Law , Recueil des Cours (1994VI), pp. 221-384, 262 ( ...1 have no problems at all with

viewing the basic norms of the Charter as the constitutional law of the universal international

community, and the Charter organs, at least in practical terms, as organs of the international

community of States as a whole. ). A similar position was already endorsed in an early

edition of Alfred Verdross & Bruno Simma, Universelles V5lkerrecht:Theorie und Praxis

(Berlin, Duncker & Humblot, 2d ed., 1976), pp. 71-83.

6 See, e.g., Bardo Fassbender, The United Nations Charter as Constitution of the

International Community , Columbia J of TransnationalLaw (1998), pp. 529-619.

  Conforti, however, is rather careful: The constitutional aspect of the UN should not

be exaggerated. See Benedetto Conforti, The Law andPracticeof the UnitedNations (The

Hague, Kluwer, 1997), p. 10.

8 See Irelandv. United Kingdom [1979-80] 2 European Human Rights Reports 25 .

9 See case 294/83, Parti icologiste Les Verts v. EuropeanParliament[1986] ECR


1 As Koopmans defines it with a view to domestic settings, constitutionalism entails that

powers are not exercised arbitrarily, reflecting the mere will of the political leaders of the

day, but in accordance with the law, which creates or recognises permanent institutions and

organizes the powers to be exercised by them. See Tim Koopmans, Courts and Political

Institutions:A Comparative View (Cambridge, Cambridge University Press, 2003), pp .


IOLR 2004




and for interaction between those subjects and the powers that be. Hence,

constitutionalism would include such things as democracy and transparency,12

place a premium on free expression, due process and participation on the basis

of equality, and would encompass the exercise of authority in accordance with

some version of the rule of law, be it limits internal to the organization (emanat-

ing from its own documents) or external to the organization (subjecting it to

general international law and human rights standards). 3 And in this scheme,

an important role is reserved for judicial review: in the final analysis, judges

will be deemed to be the guardians of the rule of law and of the constitution,

for they are, many would agree, above politics. 4 Constitutionalism typically

aims to tame man s quest for power, and aims to do so by providing legal limits.

It stands to reason, then, that individuals trained in the law are deemed most

suitable to this task.5

The present situation is remarkable if only because of the scope of the con-

stitutionalism debates. It is not just the UN (as the world s only truly global and

comprehensive organization) and the EU (as the world s most deeply integrated

11 This is loosely derived from T.R.S. Allan, ConstitutionalJustice: LiberalTheory of

the Rule o Law (Oxford, Oxford University Press, 2001), pp. 56-58. Allan himself draws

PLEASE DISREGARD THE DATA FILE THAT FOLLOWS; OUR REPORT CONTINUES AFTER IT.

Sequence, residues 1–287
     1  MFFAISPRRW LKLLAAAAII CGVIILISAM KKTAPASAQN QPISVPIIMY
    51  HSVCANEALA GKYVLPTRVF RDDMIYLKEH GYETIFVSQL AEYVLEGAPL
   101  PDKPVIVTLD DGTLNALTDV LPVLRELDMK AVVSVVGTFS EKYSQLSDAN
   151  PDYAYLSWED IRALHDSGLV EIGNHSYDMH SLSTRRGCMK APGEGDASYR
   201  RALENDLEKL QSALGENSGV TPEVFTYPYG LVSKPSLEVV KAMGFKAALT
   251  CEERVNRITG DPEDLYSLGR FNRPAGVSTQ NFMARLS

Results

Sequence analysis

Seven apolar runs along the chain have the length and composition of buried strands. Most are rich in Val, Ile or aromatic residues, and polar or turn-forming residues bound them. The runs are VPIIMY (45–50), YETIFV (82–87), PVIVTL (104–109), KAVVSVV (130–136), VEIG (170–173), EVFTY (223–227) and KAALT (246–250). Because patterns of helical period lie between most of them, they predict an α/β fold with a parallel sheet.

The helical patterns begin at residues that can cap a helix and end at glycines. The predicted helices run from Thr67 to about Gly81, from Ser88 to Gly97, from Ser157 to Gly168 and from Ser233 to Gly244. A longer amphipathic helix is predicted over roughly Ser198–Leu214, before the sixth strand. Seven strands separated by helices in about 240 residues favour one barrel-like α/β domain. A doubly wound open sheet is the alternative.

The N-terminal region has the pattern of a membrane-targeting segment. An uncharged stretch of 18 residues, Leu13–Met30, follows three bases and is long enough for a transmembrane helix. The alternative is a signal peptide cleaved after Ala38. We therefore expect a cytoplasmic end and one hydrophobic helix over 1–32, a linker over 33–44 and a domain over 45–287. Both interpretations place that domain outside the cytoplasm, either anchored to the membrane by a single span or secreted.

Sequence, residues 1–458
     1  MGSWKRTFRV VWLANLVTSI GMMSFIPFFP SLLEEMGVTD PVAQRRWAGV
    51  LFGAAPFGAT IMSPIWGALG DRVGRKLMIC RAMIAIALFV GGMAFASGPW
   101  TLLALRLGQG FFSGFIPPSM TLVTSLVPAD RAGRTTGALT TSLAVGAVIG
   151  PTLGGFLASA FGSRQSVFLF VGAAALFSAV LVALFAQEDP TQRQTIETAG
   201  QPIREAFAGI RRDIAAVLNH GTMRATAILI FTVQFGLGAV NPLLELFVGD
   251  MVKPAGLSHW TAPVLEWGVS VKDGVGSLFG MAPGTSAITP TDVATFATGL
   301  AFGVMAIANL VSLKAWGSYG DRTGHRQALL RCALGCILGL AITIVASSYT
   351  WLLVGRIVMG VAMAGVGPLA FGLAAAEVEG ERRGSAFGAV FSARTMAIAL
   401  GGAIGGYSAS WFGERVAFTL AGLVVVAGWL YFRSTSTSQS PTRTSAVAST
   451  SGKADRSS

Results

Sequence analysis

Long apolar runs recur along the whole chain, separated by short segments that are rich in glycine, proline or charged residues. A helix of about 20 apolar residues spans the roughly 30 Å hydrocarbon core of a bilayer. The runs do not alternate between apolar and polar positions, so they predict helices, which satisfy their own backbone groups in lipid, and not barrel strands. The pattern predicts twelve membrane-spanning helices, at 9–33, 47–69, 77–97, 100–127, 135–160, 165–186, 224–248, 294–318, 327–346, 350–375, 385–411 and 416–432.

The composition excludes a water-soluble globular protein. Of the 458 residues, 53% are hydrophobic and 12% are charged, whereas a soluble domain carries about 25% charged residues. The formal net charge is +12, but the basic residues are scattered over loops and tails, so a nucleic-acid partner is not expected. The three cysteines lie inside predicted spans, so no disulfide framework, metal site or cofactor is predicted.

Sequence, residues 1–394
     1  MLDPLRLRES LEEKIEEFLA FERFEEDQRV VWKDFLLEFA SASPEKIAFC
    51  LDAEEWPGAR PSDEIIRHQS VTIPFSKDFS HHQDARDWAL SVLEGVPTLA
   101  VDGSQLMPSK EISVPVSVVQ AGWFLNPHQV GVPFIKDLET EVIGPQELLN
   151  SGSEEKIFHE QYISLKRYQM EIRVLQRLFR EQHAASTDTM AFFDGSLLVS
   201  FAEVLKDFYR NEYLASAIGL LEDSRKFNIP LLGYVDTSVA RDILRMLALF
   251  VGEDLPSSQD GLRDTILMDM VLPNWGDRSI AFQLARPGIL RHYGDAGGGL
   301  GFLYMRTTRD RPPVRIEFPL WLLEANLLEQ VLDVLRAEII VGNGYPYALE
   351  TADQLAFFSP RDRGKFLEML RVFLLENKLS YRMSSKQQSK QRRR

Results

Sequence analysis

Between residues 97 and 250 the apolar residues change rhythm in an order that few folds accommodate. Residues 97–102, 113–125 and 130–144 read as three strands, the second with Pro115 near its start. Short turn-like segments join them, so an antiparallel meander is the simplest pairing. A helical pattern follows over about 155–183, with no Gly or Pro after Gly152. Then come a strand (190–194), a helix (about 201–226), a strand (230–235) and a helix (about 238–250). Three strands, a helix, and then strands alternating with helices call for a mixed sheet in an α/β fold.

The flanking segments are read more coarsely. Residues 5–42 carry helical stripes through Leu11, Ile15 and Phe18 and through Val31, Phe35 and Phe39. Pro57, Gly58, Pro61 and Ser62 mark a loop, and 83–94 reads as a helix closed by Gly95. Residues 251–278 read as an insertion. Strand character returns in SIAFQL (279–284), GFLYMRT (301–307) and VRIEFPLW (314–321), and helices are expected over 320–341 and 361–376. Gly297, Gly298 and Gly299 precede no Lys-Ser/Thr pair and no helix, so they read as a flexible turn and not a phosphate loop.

inspiration from the works of Lon Fuller.

  2 This makes the dual call by Matsushita, Schoenbaum and Mavroidis to enhance

transparency in the WTO while at the same time streamlining its decision-making proce-

dures (which are deemed too cumbersome ) a rather difficult combination. See Mitsuo

Matsushita, Thomas J.Schoenbaum and Petros Mavroidis, The World Trade Organization:

Law, Practice,and Policy (Oxford, Oxford University Press, 2003 , pp. 14-15.  3 An important strand of the debate in the EU, moreover, has to do with the existence (or

not) of a truly European citizenship and its links to the European polity. For an illuminating

contribution, see Kaarlo Tuori, The Many Senses of European Citizenship , in: Kimmo

Nuotio (ed.), Europe in Search of MeaningandPurpose (Helsinki, Forum luris, 2004),

pp. 5 1-87.

  4 This is further explored in Jan Klabbers, Straddling Law and Politics: Judicial Review

in International Law , in: Ronald St.J. MacDonald Douglas M. Johnston (eds.), Towards

World Constitutionalism: ssues in the Legal Orderingof the World Community (Leiden,

Martinus Nijhoff, 2005, forthcoming).  5 A warm plea forjudicial review is Charles L. Black, The People and the Court:Judicial

Review In a Democracy (New York, MacMillan, 1960 . Aserious recent critique focusing

on the politics behind establishing a system of judicial review is Ran Hirschl, Towards

Juristocracy:The Originsand Consequences o the New Constitutionalism Cambridge,

Harvard University Press, 2004).



34 Jan Klabbers

organization) which are subjected to debates on constitutionalism. The same

happens also with respect to other organizations, most notably perhaps theWT

 6 and notwithstanding the apparent reluctance of the organization itself'

to think in such terms. In addition, both IMF and World Bank are increasingly

thought to be subjected to standards of behaviour (most predominantly con-

cerning human rights), and the World Bank has created an Inspection Panel

precisely to facilitate scrutiny of its acts. 9 This indicates, if not full-blooded